Foon Foono, a visual artist based in Singapore. His specialty is in digital fine art, which draws focus on human factors with different characters. Foon Foono’s artworks had been featured in local and international art and design website and publication. His participated in art events, solo exhibition in oversea and local. RAP spoke to Foon and check his website out here.
Question (Q): Since I encountered your works at the Substation in 2010, I wonder! Why rabbit-clown
Foon Foono (Foon): I’m always fascinated by clowns and circus. A clown has a mission to entertain his audience despite what he truly feels. Similarly, in our life sometimes we often do the same as that of clown – a mission to “entertain our audience”. This gesture doesn’t mean we lack personal identity but it will make us learn how to embrace every different fact happening in our journey of life. On the INSIDE, we are always the same person, but the OUTSIDE we can modify the way people perceive us.
This is how the initial concept start on the character. I wanted to portray this notion but because a mask would hide the emotions of my subject, I went with a clown’s nose instead. While the clown nose was deeply symbolic, the rabbit ears came about purely as an aesthetic choice. I believe humans possess animalistic qualities. In order to manifest this idea in my art, I began experimenting with different body parts from various animals and finally settled on the ears of a rabbit as I found them to be the most visually appealing.
Q: In addition to that, your works seem to revolve around individuality but at the same time each works seem to connected through the similar experience that is going through the protagonists. Tell us more about your works.
Foon: The collection revolves around two individuals and the portraits are freeze-frames in time that capture whatever (situation/joy/hardship) they might be going through — as interpreted by me. We always expect our life to go perfectly the way we want it to be, but the reality sometimes does not give us what we expect. Sometimes, things grow inside us without our understanding how or why; all the simplicity that makes up everyday life, but which gives pleasure to our existence. The two characters show us strengths and weaknesses of our lives to us. I believe when a person is alone, that’s the moment you show who you really are – no pretending, no hiding – and the character shares the freeze moment of the particular messages.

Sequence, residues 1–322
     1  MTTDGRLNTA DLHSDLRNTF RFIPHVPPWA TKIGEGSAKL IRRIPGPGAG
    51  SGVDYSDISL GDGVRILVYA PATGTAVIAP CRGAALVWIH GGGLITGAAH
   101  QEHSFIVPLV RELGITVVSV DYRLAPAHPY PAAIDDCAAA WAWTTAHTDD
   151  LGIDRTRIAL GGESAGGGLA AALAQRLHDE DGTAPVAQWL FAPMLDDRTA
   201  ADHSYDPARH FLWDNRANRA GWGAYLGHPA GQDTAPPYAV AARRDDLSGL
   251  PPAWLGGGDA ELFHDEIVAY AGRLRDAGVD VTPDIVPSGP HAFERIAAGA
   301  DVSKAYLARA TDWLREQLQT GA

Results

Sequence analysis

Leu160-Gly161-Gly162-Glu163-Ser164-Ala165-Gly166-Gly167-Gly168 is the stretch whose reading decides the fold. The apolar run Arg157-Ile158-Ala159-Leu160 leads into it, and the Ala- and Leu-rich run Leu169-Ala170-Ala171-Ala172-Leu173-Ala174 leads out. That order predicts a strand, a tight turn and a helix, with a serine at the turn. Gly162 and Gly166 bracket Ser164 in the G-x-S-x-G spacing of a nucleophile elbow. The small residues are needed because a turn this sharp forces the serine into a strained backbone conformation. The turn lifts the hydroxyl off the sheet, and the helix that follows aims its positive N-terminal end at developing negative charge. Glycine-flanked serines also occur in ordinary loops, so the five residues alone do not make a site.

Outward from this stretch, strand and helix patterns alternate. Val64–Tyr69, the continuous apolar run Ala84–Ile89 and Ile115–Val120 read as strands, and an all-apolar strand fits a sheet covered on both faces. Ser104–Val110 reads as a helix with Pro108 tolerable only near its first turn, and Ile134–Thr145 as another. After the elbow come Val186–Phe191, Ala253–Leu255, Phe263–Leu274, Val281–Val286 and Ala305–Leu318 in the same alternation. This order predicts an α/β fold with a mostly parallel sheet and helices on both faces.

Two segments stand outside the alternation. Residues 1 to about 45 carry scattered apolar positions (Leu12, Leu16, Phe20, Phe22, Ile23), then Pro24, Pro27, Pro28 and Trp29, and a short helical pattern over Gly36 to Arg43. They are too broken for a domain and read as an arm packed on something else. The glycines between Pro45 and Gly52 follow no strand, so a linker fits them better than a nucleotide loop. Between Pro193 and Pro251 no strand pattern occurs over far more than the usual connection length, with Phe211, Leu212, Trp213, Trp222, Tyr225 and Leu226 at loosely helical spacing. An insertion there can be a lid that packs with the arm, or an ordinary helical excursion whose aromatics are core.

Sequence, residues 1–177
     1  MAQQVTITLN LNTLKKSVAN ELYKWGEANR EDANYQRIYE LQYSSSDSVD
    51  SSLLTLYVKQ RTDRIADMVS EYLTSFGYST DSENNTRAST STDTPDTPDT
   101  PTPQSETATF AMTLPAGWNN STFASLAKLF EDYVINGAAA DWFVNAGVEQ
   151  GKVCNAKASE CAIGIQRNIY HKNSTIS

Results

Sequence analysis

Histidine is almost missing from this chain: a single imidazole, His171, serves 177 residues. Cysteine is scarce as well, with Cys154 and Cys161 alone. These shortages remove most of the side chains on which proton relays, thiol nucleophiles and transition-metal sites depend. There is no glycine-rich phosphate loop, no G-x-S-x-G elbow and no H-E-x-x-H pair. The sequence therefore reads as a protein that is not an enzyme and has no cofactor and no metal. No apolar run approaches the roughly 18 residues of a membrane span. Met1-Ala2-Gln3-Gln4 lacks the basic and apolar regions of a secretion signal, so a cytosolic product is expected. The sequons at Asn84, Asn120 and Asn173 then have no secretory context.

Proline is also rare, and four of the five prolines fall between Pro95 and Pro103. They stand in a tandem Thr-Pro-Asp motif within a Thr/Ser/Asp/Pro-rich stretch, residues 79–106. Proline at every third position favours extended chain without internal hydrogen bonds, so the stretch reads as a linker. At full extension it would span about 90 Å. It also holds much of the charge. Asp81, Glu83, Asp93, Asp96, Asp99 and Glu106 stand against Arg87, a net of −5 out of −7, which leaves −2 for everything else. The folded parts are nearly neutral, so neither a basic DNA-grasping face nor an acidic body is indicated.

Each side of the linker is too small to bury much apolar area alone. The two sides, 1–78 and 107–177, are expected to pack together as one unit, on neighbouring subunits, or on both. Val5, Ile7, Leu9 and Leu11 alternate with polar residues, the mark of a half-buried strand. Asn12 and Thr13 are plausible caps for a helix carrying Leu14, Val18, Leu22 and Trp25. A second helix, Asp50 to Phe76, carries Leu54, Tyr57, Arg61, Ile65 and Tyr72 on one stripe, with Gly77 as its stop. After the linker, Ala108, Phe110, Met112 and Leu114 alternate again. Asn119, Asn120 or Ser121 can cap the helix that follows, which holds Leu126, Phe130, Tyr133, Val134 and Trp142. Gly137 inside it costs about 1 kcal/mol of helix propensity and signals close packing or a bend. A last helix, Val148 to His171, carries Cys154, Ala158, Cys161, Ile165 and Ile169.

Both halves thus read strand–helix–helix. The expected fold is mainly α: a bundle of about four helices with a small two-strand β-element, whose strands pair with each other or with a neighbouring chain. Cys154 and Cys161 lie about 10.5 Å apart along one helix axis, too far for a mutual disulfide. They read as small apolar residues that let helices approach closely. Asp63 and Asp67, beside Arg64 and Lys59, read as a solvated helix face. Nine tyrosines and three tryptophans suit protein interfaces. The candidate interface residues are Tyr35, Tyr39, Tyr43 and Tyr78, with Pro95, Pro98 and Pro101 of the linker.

Q: There are some too who have the element of pain. Are there any other personal qualities that you are interested in, portrayed on your works?
Foon: Some of the characters portray the subjects as wounded (physically or emotionally). My art is not about pain but rather the journey of our life; to embrace a scar which reminds us that we have an intense life. I just use different angles to share the messages of love, gratitude and existence .
Q: We heard a lot about your works, how about you? Tell us more about yourself.
Foon: I love Art and Design. Art can make a person better and design aids a better lifestyle. I’m still in the process of achieving both.
Q: Any future plans to showcase your works again?
Foon: Yes. If all goes as planned, I intend to hold exhibitions again overseas and locally in early 2012.
Q: You have exhibited in Singapore and USA. How do you see the difference in public’s perception towards your works?
Foon: I like to think my work is quite well-received in the States because I have been collaborating with my US agent and holding yearly exhibitions since 2007. The second solo exhibition held here was in last October. I think digital fine art is still a new era in local audiences, and countries like USA and European ones are more open to new media art piece. From the past few showcases held locally and overseas, I feel the local audience deem digital art is a design work rather than a piece of fine art.
Q: Your works too have gone beyond 2D and ventured into sculptural installation and light boxes. Any plans to continue this exploration?
Foon: Both forms offer different sensations for the audience. The 2D works require some pondering before you are able to get the message I’m trying to convey. On the other hand, the 3D installation engages you in a more direct manner and is also more fun because it also engages your sense of sight — other than cognition — with its lit surfaces and the way the boxes are stacked.
I enjoy doing both. I liken art drawing as a main course and Installation art is the dessert to complete a lovely meal.
Q: Thank you for your time, but before we exit, any last words for your audiences?
Foon: People now seem to prefer direct visualization instead of metaphorical artwork, probably because of the lack of reading time. From an artist perception, the audience need to have an objective expectation and subjective thought on each artwork.